This loss of credibility and influence has serious implications for the region. In a recent interview, Saudis reaffirmed that they would consider countering an Iranian nuclear weapon by acquiring one of their own despite the long standing, proven record of the United States’ security guarantee to the Kingdom. A nuclear arms race between regional rivals in the most volatile part of the world is in no one’s interest. The loss of confidence in American leadership no doubt strongly contributed to the recently announced decision by the Arab League to create a force to counter Iranian influence and Islamic extremism. An independent Arab League force has the potential to expand the Saudi-Iranian rivalry across the region and stoke historic tensions between Persians and Arabs.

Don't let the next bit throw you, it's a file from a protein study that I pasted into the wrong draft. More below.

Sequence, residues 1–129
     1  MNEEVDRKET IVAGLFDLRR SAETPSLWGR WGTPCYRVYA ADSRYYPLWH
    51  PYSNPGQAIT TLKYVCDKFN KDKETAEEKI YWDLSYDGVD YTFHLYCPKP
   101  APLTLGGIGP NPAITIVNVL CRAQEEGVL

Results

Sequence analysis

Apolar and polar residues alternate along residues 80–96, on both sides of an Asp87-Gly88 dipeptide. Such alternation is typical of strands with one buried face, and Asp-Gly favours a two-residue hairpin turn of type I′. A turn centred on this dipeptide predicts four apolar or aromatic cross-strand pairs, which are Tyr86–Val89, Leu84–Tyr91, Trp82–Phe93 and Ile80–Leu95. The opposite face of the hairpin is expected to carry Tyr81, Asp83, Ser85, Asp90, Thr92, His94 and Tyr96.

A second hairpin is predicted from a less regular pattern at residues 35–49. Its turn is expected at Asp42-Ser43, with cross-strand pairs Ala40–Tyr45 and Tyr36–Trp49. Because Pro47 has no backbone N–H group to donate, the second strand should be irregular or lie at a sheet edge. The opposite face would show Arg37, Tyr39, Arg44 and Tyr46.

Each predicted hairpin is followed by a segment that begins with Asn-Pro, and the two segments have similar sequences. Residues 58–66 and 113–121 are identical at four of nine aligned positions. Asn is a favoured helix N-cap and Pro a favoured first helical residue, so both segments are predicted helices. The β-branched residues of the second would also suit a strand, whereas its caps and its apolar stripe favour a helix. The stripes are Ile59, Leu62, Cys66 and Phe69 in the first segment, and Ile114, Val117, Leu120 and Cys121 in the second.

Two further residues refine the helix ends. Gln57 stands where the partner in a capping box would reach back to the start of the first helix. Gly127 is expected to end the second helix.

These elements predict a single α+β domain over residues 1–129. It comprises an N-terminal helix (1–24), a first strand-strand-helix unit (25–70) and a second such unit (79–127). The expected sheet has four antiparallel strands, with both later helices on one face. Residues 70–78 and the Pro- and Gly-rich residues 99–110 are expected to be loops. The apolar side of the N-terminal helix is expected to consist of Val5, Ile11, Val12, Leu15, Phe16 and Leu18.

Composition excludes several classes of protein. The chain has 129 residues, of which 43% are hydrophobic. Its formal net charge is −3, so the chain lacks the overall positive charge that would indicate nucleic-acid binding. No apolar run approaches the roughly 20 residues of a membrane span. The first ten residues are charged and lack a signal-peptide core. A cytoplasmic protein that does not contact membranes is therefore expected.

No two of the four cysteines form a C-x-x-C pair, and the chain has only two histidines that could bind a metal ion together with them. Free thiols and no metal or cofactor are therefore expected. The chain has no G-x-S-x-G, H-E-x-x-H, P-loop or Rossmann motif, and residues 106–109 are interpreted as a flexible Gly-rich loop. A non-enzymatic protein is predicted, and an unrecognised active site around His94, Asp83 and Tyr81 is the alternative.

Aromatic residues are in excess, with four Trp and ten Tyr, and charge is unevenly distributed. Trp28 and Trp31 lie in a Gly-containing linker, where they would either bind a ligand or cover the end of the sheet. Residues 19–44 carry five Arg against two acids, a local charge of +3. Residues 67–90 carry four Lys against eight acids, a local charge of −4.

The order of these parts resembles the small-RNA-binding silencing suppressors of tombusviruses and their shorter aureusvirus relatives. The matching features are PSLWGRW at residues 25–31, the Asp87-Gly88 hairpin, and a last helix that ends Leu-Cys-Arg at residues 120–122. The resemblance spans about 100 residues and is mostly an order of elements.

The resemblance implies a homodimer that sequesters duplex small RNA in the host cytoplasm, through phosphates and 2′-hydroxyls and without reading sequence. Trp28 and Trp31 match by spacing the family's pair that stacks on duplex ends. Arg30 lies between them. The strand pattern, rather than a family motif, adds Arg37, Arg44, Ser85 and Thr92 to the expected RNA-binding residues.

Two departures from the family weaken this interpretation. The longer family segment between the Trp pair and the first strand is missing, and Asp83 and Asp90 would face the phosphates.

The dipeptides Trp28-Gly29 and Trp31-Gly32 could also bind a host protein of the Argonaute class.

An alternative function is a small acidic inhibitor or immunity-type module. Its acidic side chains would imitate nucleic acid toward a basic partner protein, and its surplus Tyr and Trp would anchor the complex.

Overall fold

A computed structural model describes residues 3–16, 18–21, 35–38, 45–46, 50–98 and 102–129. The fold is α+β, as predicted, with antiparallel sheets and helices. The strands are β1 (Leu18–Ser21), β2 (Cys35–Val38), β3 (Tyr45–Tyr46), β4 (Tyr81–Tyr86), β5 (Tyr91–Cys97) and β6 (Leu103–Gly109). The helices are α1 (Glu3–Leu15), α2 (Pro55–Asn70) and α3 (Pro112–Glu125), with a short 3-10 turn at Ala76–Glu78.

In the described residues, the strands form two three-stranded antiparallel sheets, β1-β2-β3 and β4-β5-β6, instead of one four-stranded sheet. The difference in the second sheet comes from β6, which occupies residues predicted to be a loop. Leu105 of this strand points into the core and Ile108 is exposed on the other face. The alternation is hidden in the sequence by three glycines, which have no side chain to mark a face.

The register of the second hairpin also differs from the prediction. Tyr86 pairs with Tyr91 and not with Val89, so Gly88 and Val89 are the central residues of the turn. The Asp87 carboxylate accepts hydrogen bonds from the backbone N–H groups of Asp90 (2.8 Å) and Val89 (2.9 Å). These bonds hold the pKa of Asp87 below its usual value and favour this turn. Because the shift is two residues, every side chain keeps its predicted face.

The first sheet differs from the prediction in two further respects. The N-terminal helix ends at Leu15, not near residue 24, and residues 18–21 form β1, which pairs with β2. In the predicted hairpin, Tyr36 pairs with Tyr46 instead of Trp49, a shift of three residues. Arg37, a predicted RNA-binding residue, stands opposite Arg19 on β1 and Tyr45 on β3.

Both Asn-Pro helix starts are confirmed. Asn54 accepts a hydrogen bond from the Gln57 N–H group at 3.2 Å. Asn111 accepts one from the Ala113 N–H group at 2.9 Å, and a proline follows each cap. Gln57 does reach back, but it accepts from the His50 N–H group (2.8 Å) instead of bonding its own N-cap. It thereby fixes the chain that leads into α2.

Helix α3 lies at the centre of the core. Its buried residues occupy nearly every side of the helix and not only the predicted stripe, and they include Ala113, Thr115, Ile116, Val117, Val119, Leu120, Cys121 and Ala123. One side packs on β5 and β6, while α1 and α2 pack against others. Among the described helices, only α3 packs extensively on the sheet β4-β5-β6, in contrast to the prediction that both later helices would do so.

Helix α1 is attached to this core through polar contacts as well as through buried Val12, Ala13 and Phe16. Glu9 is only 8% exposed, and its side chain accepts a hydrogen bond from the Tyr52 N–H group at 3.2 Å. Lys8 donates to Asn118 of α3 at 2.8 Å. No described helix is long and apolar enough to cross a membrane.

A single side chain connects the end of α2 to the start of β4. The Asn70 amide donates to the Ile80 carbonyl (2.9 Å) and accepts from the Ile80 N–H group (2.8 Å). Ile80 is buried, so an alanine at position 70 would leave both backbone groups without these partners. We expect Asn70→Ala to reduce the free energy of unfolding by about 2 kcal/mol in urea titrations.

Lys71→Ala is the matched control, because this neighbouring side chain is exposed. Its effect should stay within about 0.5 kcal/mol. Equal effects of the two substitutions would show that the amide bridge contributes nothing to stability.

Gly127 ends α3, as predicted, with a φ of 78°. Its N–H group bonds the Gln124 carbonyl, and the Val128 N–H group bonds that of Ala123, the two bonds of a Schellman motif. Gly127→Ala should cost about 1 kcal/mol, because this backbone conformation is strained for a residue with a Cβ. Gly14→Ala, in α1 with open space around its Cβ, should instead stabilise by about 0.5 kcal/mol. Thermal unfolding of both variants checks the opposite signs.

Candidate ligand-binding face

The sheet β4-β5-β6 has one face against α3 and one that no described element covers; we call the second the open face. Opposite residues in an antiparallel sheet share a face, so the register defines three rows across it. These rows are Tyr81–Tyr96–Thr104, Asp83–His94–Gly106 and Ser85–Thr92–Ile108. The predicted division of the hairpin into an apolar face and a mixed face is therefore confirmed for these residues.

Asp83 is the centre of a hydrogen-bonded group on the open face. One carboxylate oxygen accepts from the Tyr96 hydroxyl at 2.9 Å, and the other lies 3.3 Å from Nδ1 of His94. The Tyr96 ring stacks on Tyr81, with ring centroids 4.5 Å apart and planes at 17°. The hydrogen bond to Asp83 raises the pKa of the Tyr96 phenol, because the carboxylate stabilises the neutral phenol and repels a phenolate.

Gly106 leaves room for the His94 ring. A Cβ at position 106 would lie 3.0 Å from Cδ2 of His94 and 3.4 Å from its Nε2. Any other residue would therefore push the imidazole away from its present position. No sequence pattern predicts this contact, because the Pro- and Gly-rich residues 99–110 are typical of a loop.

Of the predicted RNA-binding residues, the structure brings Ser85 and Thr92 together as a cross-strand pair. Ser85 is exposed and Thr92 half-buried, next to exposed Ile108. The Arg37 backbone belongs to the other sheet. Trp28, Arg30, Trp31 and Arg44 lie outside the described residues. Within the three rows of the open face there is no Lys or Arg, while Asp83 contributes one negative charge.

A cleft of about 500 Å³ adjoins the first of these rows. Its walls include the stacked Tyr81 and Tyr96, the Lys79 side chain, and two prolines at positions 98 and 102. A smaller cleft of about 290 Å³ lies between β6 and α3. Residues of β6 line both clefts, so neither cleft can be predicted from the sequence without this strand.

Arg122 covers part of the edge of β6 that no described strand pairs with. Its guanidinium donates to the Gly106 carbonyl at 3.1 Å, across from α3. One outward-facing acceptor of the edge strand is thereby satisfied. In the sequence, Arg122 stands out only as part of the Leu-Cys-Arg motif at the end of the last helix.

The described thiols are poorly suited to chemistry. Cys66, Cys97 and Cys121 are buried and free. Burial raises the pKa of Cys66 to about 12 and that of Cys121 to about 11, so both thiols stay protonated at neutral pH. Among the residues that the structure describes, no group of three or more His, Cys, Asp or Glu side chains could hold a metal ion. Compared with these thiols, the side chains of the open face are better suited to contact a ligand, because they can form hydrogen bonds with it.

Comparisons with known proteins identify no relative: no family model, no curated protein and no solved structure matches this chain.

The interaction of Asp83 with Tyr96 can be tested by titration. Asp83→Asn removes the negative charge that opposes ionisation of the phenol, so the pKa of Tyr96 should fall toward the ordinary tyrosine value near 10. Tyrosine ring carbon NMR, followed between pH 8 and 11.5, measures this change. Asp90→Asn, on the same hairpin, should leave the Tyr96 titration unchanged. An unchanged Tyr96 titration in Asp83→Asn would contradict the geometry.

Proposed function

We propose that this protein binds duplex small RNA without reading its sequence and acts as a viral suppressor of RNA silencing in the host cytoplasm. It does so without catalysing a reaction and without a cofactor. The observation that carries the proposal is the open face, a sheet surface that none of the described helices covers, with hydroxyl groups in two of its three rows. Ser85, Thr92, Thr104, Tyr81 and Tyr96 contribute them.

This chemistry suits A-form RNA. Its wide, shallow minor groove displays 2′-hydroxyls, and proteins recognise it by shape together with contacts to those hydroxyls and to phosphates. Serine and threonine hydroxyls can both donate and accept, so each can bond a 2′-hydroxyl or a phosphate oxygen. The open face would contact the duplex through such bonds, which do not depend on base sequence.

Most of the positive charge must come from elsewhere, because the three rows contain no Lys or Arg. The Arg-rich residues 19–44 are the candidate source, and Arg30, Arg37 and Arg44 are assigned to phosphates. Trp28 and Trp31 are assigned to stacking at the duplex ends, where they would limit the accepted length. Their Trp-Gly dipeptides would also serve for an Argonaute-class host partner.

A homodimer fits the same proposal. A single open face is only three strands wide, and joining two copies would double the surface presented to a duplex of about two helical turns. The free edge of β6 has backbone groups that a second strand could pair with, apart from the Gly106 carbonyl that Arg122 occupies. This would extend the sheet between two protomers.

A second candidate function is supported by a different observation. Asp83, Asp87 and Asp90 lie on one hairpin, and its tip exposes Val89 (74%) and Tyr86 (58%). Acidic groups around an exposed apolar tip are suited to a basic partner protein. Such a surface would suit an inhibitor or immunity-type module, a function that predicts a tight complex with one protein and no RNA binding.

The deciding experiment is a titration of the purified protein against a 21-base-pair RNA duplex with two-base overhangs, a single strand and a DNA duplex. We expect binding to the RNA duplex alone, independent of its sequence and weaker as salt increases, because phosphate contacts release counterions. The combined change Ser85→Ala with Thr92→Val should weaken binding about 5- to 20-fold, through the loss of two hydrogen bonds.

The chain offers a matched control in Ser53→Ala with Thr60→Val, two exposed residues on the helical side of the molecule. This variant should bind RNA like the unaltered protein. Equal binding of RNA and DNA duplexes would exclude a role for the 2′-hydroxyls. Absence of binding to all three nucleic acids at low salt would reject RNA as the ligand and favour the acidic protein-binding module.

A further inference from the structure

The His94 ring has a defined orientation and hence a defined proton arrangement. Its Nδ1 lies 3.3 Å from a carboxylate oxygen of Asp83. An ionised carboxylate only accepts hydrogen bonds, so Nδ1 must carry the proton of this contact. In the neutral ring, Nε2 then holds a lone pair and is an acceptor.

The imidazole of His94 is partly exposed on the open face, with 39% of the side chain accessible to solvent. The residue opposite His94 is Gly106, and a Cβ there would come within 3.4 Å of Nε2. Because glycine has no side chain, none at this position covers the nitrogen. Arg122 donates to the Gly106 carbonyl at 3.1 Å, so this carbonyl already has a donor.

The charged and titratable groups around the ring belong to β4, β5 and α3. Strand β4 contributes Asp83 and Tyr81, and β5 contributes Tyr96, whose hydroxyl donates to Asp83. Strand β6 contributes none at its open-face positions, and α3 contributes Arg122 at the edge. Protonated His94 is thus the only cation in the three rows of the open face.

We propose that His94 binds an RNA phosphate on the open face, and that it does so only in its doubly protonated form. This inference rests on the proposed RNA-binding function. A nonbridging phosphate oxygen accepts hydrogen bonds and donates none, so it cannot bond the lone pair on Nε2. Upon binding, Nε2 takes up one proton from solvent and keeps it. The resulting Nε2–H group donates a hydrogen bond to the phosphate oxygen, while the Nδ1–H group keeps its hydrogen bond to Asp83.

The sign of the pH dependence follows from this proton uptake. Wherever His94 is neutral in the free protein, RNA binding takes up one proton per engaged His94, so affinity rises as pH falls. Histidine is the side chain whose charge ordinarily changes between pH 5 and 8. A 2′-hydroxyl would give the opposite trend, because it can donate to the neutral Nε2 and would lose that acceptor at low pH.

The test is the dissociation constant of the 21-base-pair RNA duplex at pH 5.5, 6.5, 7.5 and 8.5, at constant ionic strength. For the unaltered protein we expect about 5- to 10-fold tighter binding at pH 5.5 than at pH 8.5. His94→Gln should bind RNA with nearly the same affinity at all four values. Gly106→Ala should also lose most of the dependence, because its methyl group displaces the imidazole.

The recent op-ed by former Ambassador John Bolton advocating for the use of military force to prevent Iran from acquiring nuclear weapons only increases the chances of escalation leading at worst to yet another war in the Middle East and at best further complicating an already complex environment. This path presents a stark contrast to the potential of a mutually acceptable agreement. But even without nuclear weapons denied either by coercion or compromise, Iran will continue to pose the greatest threat to our interests, allies, and influence in the region. Decision makers would do well to remember this when charting the course of policy in combating the Islamic State, ending the Syrian Civil War, and preventing Yemen’s collapse. In this case it seems certain that the enemy of your enemy is still your enemy.
Michael McBride is a former Ranger and Army Infantry Officer with multiple deployments in support of the Global War on Terror. He currently works as a consultant for the United States Government. The views expressed in this article are those of the author alone.
Image: Flickr/United States Government Work